If-Only And The Hedonic Treadmill
March 14, 2016
Hilde Spille in Artist Development, happiness, hedonic treadmill, if-only

“If only we could play this major festival, we would become successful and happy.”
“If only I could find an agent, I would have many shows and will be happy.”
“If only a major record company would discover me, I would become famous and happy.”

Do you recognize the if-only thoughts? Many musicians have them. They think that their happiness is dependent on positive events, and that positive events will lead to long-lasting happiness.

Research in the ’70s has shows that every person has a basic level of happiness, and that events don’t really change it. Winning the lottery makes you really happy, but after 3 months you got used to your new life-style and have the same level of happiness as you’ve always had. The same is true for people who bought that great new car or who made the promotion they were waiting for. They get used to the new situation and return to their basic level of happiness.

We keep searching for the next kick to become happy. But the research shows that we systematically overestimate the duration of the effect, especially if it’s about material stuff. When we get used to it, we look for the next kick that will make us happy for a short while. That’s the hedonic treadmill. Money, new cloths, a new car, getting a promotion, finding an agent, playing in front of thousands of people or getting a major record deal, will make you happy – but only for a short while.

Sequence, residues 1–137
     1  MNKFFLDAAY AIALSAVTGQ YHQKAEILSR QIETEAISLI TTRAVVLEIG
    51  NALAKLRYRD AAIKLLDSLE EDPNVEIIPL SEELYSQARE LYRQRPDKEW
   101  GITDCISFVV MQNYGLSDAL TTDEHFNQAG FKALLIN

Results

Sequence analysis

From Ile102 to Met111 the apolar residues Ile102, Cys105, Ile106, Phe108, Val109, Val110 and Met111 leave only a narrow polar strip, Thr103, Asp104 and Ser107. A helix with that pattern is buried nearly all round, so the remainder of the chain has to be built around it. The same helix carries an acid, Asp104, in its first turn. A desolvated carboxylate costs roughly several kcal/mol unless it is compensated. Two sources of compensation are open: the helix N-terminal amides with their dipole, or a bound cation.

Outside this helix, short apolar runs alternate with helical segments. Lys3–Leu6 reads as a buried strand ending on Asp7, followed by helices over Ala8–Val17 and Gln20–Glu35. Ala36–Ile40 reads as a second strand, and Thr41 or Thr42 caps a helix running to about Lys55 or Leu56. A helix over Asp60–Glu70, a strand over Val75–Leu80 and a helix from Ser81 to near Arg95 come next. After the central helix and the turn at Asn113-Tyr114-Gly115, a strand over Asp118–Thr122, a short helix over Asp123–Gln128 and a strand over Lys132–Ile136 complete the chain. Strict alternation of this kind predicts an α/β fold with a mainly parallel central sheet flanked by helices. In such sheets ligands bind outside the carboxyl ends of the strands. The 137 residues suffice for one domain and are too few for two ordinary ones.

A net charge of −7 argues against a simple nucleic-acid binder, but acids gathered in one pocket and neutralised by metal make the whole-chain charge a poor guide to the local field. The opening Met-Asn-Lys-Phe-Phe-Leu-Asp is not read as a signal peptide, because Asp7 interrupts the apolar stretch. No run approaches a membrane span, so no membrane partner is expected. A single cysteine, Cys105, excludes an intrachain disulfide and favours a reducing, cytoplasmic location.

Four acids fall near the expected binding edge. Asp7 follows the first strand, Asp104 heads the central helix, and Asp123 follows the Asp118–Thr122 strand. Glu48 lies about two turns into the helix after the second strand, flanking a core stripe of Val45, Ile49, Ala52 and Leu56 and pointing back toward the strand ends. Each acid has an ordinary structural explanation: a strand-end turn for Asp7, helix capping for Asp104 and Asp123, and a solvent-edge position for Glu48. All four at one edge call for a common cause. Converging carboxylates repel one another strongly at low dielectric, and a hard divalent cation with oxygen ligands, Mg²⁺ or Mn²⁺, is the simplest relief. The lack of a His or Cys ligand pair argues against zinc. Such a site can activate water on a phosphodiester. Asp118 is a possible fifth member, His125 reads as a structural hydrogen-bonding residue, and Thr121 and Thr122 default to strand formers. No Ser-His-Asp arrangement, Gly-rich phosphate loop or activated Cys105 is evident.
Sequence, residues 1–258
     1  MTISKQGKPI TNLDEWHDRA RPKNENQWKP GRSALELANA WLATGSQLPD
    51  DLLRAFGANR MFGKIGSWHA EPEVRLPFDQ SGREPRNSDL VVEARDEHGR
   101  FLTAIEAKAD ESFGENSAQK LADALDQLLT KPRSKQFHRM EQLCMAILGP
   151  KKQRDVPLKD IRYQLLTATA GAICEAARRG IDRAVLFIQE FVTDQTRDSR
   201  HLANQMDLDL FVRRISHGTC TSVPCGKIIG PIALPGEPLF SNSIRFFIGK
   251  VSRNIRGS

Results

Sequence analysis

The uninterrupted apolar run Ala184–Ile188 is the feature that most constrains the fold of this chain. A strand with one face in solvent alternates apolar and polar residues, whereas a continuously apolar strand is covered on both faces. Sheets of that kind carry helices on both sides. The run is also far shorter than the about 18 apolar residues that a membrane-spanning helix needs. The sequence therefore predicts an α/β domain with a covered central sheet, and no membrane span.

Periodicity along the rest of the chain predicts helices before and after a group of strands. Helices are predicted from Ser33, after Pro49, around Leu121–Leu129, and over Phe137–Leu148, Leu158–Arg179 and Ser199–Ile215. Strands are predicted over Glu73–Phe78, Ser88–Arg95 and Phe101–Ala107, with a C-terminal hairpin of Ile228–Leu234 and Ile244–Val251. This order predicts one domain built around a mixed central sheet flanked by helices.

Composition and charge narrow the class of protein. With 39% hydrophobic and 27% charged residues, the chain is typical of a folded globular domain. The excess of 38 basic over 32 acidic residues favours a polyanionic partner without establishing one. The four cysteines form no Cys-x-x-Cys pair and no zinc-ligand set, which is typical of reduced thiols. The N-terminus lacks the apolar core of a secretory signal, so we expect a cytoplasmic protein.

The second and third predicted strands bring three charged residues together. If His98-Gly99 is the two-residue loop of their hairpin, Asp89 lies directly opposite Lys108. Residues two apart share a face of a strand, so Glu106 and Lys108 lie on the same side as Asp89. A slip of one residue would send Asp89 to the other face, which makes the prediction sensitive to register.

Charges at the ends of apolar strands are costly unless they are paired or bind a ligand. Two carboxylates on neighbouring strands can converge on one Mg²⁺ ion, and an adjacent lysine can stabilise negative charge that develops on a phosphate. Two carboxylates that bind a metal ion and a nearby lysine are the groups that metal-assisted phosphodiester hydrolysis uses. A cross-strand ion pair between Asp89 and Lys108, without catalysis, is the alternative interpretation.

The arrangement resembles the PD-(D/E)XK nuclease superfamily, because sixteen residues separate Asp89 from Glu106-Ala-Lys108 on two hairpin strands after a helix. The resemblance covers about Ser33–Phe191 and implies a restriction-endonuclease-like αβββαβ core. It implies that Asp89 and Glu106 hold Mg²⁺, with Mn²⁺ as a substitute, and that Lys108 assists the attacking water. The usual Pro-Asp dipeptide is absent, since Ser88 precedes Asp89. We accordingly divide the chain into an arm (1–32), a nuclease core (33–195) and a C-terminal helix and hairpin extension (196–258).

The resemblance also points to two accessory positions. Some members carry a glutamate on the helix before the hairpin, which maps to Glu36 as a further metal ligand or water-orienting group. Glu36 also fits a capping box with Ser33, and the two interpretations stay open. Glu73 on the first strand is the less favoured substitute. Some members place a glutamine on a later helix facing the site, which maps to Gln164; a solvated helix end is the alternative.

Fortunately the effect also works the other way around. When you get paralyzed after an accident , after 3 months you are back to the happiness-level that you had before the accident. How strange it might sound, you get used to being paralyzed. But things like (traffic)noise, chronic stress or commuting, you don’t get used to. It’s best to avoid them.

Proven lasting positive effects come from the way we spend our time. Getting a better status seems to work for men, as long as they keep socializing with people of a lower status. Women are less affected by status, they go for improving their physical appearance. If you go for happiness, autonomy and passion are important, even if it means that you have less money. And don’t forget to invest in friendships.

Article originally appeared on Music Think Tank (http://www.musicthinktank.com/).
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